The pope has been forced to cancel a visit to a university in Rome because of fears for his safety.
Benedict was due to address students at La Sapienza University, but called off his trip at the last minute because of a sit-in protest.
The last papal trip to be cancelled for security reasons was in 1994, when John Paul II was due to visit Sarajevo. However, the pope has never been unable to tour Italy in modern times.
Angry students had threatened to blast dance music at the pontiff, and also to dress up as nuns. According to sources close to the Vatican, there had also been "more serious threats".
The official newspaper of the Holy See, L'Osservatore Romano, said that "this is a dramatic threat against the papacy, culturally and civilly".
The controversy began after 67 professors at the university signed a letter saying the pope should not be allowed to give the inauguration speech for the academic year.
The professors accused Benedict of being opposed to science, and cited a speech he gave two decades ago. They argued that the pope would have supported the Church's 17th century trial against Galileo for claiming the earth revolved around the sun.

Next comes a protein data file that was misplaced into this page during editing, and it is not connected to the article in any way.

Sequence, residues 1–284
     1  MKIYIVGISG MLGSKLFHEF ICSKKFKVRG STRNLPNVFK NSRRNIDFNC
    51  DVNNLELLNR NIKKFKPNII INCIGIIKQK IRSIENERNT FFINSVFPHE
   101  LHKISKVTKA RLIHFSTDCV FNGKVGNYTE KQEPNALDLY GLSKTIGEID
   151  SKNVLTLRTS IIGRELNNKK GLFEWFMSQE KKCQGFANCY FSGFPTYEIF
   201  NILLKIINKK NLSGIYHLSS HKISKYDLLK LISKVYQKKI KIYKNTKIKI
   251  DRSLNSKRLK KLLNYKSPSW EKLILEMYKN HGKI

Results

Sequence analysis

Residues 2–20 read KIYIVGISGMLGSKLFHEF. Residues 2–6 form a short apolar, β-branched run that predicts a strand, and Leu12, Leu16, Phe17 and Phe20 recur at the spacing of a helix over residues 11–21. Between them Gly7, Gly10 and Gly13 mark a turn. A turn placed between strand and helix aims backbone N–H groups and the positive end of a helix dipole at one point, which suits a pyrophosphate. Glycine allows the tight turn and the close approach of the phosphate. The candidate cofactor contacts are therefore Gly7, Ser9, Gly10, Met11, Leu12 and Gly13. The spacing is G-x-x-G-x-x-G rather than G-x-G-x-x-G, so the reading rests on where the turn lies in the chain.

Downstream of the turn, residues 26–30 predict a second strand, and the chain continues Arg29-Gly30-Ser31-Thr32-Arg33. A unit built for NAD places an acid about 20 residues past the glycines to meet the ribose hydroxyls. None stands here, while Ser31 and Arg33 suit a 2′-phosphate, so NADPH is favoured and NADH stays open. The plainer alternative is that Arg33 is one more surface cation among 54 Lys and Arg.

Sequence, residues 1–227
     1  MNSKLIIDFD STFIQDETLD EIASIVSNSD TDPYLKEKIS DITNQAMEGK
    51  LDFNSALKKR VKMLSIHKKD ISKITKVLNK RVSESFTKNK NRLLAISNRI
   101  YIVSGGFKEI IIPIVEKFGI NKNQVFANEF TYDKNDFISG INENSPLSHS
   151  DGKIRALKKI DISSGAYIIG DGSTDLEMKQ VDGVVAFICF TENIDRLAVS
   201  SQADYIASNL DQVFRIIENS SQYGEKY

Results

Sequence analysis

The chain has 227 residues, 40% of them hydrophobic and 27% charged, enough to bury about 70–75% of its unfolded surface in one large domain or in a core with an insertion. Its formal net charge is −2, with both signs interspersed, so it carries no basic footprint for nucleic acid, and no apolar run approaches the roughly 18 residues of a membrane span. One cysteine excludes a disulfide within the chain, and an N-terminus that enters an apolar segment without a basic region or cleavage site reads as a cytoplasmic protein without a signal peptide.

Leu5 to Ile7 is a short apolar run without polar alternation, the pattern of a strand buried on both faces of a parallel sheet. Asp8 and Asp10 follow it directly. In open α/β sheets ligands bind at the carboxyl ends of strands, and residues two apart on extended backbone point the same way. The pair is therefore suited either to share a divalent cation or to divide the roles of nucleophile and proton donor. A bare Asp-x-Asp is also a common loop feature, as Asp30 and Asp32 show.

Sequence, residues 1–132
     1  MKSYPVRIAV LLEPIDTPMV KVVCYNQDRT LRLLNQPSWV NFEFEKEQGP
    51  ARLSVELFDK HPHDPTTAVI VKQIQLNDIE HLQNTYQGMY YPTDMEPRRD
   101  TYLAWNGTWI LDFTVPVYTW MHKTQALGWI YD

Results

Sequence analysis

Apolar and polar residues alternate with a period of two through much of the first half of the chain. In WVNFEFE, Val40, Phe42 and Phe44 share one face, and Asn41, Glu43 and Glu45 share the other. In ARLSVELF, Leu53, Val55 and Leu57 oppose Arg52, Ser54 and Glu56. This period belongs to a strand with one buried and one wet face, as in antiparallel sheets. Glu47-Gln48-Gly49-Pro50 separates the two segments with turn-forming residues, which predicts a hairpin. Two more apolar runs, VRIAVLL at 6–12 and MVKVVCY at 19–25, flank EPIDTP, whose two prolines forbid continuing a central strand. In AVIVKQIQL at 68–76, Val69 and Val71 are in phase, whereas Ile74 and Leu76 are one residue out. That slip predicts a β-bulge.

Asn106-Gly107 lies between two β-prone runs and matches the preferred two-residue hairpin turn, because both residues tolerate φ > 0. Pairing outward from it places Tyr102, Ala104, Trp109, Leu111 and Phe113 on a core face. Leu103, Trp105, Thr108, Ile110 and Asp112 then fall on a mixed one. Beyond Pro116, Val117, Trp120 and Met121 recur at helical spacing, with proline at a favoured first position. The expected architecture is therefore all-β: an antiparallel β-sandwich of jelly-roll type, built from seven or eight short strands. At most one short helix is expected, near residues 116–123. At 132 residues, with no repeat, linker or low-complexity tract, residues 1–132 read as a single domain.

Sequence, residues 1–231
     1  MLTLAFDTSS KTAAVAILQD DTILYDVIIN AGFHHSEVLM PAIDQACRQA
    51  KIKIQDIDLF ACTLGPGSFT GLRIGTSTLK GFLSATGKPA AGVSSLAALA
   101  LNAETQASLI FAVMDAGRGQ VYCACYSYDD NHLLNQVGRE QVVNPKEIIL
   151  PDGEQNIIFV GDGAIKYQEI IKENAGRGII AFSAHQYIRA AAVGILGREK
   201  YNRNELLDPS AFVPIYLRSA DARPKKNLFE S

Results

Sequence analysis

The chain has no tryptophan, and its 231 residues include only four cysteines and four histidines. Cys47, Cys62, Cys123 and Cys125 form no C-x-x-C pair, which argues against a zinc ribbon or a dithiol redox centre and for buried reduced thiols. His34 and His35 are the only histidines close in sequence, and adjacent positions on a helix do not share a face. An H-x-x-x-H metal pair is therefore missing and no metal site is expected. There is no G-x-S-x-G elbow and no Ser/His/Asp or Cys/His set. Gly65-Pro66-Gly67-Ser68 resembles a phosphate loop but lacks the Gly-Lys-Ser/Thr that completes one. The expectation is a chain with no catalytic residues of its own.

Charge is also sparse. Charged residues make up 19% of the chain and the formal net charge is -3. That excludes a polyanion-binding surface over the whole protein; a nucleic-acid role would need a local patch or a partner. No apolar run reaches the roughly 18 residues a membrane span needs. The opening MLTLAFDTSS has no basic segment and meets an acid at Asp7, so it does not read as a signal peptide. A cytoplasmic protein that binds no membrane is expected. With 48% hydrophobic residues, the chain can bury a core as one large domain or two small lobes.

Although there is little evidence in the speech to support their claim, the students lent their support to the cause, and occupied the dean's office, waving banners which said: "The Pope has occupied La Sapienza. Free the Intellectuals!"
The Italian Bishops' Conference said they were "worried" about the state of the university, which was founded by the Vatican seven centuries ago. "There seems to be part of the secular world which does not argue, but demonises and which does not discuss, but creates monsters," said a spokesman for the bishops.
Students rejoiced when the Vatican finally conceded and cancelled the trip, shouting "Get the Pope out !"
However, Renato Guarini, the dean of the university, said he was "bitterly upset" at the tension on campus.
Romano Prodi, the Italian prime minister, also condemned the students' actions, saying that it had been "unacceptable".
Wednesday, January 16, 2008
Credit where credit is due
The Telegraph reports the Sapienza controversy very well: